HC Deb 15 December 1993 vol 234 cc656-7W
Mr. David Atkinson

To ask the Secretary of State for the Home Department if he will make a statement on the circumstances which allowed the escape of a high-security prisoner, from his escort in or in the vicinity of the Bell public house, Pokesdown, Bournemouth on Friday 3 December.

Mr. Peter Lloyd

Responsibility for this matter has been delegated to the Director General of the Prison Service, who has been asked to arrange for a reply to be given.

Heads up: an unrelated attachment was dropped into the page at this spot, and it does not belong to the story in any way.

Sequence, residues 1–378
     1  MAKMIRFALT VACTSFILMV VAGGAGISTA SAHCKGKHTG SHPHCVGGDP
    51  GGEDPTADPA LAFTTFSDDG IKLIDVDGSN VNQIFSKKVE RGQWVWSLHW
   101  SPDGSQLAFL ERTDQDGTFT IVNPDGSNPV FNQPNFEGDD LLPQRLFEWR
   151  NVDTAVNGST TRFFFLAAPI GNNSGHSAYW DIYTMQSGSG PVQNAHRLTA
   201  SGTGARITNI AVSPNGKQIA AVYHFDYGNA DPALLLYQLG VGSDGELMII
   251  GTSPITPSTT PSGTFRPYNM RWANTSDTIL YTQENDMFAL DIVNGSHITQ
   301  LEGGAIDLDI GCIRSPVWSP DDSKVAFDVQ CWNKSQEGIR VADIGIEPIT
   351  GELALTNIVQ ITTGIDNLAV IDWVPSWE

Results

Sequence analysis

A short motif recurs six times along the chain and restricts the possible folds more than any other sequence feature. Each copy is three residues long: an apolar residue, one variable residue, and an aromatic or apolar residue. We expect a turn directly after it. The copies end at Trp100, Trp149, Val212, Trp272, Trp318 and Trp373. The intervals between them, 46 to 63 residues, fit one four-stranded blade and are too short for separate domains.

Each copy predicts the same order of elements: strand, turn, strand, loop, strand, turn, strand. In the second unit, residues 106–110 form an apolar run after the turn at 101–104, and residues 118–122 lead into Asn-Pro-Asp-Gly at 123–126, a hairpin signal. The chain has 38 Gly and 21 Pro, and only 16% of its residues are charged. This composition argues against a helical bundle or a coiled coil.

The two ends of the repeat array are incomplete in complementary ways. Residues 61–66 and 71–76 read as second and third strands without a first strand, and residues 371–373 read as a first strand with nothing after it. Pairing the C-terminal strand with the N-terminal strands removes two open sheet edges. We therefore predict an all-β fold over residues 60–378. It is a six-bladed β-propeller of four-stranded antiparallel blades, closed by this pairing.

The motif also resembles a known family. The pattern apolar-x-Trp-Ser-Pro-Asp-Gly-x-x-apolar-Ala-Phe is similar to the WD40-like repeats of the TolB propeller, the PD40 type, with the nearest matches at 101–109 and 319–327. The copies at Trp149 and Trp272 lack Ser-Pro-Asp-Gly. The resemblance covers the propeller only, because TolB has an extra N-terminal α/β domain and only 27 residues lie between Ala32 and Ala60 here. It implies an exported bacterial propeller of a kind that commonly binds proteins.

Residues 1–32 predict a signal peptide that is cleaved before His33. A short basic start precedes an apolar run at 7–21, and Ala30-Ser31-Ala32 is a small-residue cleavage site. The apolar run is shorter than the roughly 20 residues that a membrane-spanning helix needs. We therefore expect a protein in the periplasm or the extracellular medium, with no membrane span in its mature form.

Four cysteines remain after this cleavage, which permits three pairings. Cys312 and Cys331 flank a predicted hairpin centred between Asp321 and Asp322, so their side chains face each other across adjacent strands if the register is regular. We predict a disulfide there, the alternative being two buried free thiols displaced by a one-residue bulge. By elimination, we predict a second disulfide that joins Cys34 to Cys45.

Letter from Mr. D. Lewis to Mr. David Atkinson, dated 15 December 1993: The Home Secretary has asked me to reply to your recent Question about the circumstances which allowed the escape of a high security prisoner, from his escort in the vicinity of the Bell public house, Pokesdown, Bournemouth on Friday 3 December. Richard James Tyres was granted temporary release from HMP Albany under Rule 6 of the Prison Rules. This provides for prisoners to be released outside the custody or control of a prison officer for any special purpose which will assist them in their transition from prison life to freedom. Mr. Tyres was not a high security prisoner; he had been recategorised to category C (low risk) in October 1993 as a result of his behaviour and progress in prison and in consequence was considered a suitable risk for temporary release. He was accompanied, but not escorted, by his personal case officer who had been working closely with Mr. Tyres and the Probation Service to develop realistic resettlement plans for his eventual release. The purpose of this release was to attend an interview in Bournemouth with the community drug team. Following the Community Care Act it is now necessary to have a needs assessment completed before the local authority will agree to recommend the funding of a place in a residential drug unit on release. Following the interview there was an interval before the afternoon ferry booking. Both the officer and inmate went into a pub where the officer drank orange juice and the prisoner brown ale. No specific instructions had been given about this. Had the prisoner been released, as normal, without an officer accompanying him, it would have been a matter over which we would have had no control. On leaving the public house Mr. Tyres ran off. The officer immediately alerted the police who had been informed, in advance, of Mr. Tyres presence in the area. Although Mr. Tyres had been sentenced to five years imprisonment in May 1992, he was eligible for release on licence in August 1993, taking into account time spent on remand. His first application was not successful and he was due to be reviewed again in May 1994. If he were to have any realistic chance of success in this review it would be essential for him to demonstrate satisfactory release plans were in place. Mr. Tyres was recaptured by the police on 9 December. The governor is conducting a full inquiry into the incident to establish whether there were any weaknesses in the procedures which led to the decision to release Mr. Tyres.